Regular readers of this blog (and yes there are some) may remember back in March when I made “The Door of Mystery”. This was an RFID tag powered raffle management system based on the .NET Gadgeteer. It worked very well when we used it for the Red Nose Day Lecture in Rhyme, and the people who bought tags to take part rather liked having them around, and hung on to them.

Which got me thinking. I’d like to be able to do prize draws and things in lectures, with bigger prizes if you’ve been along to more lectures. And I reckoned that these little tags might be a way to do this.

So I’ve invented “Tags of Fun”. We are going to give all the new students a tag each and I’m going to trial the devices at the Welcome Party on Thursday evening. We usually give “Drink Tokens” out, but this time everyone can use their tag with a customised “Door of Mystery” device to see if they can have a drink. The system will let you buy one drink, and then the head of department will have to use their magic “key of power” to reset the keys and allow more drinking.

Just to make things even more interesting, I’m going to link each tag with an owner, so the system knows the name of the tag holder.

Of course, now I have to get the software updated, download the student lists, build the user interface and program around 250 tags.

Before Thursday.

GHI Game–O


Sponsoring Kickstarter projects is kind of habit forming (OK, I’ve sponsored two other ones so far). Tonight I signed up for the GHI Electronics Game-O handheld console. This is not because I’m looking for a replacement for my trusty PlayStation Vita, but because I really fancy having a handheld console that I can program using C#.

The device is powered by the .NET Micro Framework and even contains some Gadgeteer ports so that it can be interfaced to all kinds of interesting hardware. I’ve a lot of respect for the makers, GHI Electronics, they’ve made some stunning little .NET Micro Framework and Gadgeteer boards and interfaces over the years (we use a lot of their hardware in our teaching) and I’m really looking forward to having a play with the device.

The project has reached it’s funding goal, but there is still time to get in there and get hold of one of these neat devices.

Building a Door of Mystery


After a considerable amount of tweakage of designs and waiting for the printer to finish I now have my “Door of Mystery” machine complete. This is how it looks inside. I’ve added a WiFi card so that the door can upload pictures after they have been taken.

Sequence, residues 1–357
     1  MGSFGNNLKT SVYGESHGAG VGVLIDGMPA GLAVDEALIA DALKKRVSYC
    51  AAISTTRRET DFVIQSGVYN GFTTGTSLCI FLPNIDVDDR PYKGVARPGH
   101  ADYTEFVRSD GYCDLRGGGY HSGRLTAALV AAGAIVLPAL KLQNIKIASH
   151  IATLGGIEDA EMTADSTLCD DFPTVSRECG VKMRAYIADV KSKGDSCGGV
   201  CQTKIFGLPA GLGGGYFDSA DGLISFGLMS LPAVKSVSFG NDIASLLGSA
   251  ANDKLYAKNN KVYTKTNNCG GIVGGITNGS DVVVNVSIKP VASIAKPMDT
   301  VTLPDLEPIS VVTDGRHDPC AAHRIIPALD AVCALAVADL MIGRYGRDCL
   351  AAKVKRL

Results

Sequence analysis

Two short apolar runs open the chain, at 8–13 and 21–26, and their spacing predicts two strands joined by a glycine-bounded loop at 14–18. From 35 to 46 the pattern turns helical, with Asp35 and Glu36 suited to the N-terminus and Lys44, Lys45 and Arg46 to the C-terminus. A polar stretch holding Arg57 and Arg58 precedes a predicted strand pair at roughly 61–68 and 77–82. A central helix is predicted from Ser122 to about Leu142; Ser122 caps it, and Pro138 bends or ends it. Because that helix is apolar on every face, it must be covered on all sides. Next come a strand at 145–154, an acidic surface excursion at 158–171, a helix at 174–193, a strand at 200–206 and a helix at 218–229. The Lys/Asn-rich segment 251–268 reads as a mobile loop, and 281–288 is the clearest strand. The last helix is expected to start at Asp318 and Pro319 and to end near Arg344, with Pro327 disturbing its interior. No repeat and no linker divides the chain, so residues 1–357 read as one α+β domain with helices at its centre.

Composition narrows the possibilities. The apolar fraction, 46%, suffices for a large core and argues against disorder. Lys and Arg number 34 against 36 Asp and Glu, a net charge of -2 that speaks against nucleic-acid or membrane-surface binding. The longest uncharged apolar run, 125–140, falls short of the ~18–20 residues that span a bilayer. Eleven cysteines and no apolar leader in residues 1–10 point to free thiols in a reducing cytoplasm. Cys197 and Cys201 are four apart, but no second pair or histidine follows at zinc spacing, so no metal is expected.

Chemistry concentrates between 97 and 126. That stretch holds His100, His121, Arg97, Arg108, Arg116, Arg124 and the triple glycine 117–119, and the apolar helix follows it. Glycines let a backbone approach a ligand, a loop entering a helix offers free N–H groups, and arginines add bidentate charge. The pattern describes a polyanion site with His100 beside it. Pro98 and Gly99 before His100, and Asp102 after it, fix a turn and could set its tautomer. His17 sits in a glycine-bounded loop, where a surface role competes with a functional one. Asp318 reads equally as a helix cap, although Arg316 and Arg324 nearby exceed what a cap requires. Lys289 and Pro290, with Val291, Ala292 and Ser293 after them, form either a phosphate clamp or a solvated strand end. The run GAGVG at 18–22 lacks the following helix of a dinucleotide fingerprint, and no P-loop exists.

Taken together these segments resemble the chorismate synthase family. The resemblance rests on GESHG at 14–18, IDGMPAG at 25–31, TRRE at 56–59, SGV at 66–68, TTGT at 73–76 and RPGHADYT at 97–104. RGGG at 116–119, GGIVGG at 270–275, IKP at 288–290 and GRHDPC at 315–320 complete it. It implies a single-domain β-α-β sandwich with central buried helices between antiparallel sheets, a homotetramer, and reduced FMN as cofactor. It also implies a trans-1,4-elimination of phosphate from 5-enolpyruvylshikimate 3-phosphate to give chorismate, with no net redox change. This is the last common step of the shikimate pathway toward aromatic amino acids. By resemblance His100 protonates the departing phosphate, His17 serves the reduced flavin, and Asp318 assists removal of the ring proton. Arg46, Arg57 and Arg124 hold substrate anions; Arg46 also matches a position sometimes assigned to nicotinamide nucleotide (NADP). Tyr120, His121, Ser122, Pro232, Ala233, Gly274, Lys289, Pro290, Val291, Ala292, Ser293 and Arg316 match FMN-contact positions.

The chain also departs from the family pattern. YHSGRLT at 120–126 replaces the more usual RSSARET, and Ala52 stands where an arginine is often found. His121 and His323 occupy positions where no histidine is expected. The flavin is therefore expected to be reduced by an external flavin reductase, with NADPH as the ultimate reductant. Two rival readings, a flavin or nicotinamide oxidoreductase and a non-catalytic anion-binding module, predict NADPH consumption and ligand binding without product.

After all my careful planning the box needed a bit of surgery because I’d forgotten that power connector protrudes from the front of the board, but apart from that (and having to go and get some more bolts) it is now pretty much complete.


This is the finished device. I’m going to have to slightly adjust the hole for the RFID reader in the next version, but it is quite pleasingly solid and works a treat.

You buy an RFID tag to enter the competition, show it to the “Door of Mystery” above and it will give you your entry number and take your picture. Then, I can use my special “Pick a Winner” tag to pick a random entry and even view their picture. We might even use this for bashes, where we might want to give out random prizes, pick team members or let people take it in turns to use some of the games.

Get a Scope


I really am a sucker for mailshots (hmm. Perhaps I shouldn’t put that in the blog). Anyhoo, I got a mailshot from Cool Components advertising the above (or actually the slightly cheaper version 2 which you don’t seem to be able to get any more). So I bought one. It is a tiny digital storage oscilloscope which costs around 80 quids or so. I reckon this is extremely good value. It has an SD card that you can use to store waveforms and the whole thing is powered by a Cortex A3 and open source, so you can even put your own firmware in there if you fancy it. It is powered from a rechargeable battery and will go up to 1 MHz which for me is fine.

If you are not sure what an oscilloscope is, it lets you “see” electrical signals. It draws a plot of the voltage in the signal as it changes over time. The original ones used a cathode ray tube that drew a single dot on the screen. The dot was moved across the screen at a regular rate by a timebase generator and the value of the voltage in the signal was used to control the height of the dot. If the signal was regular then you could take a a peek at the waveform and see what it was doing.  Newer ones are of course digital. The input voltage is converted into numbers which are then used to draw a graph on the screen.

Sometimes, when a circuit just doesn’t work you need to take a look at what is happening. A voltmeter will tell you if there is anything on the wire, but not how it is changing over time. If you have any hardware aspirations I think a little device like this is a pretty good investment, and it only costs around the same as a couple of video games.

Just the Wrong Size


So today I had a go at printing out my designs. Above you can see the result. And I’d made a mistake that I’ve made before. I made the holes exactly the same size as the things intended to fit into them.

Do. Not. Do. This.

Of course they don’t fit. One thing just sits on top of the other looking exactly the same. Wah. I did think I could solve the problem by filing a bit off. Not a win.Turns out that PLA is actually quite tough stuff. After about ten fruitless minutes and quite a bit of pain (who knew you could get splinters from plastic things) I gave up and went back to the software. The good news is that I just have to tweak a couple of values and rebuild everything. I’ve even added a feature where objects can cut holes in the entire finished piece, so that the SD card and the screen can cut slots for themselves.


Making Boxes with Software


This is the base design I came up with. You can also see one of the Gadgeteer part designs where it will be fitted in the finished product.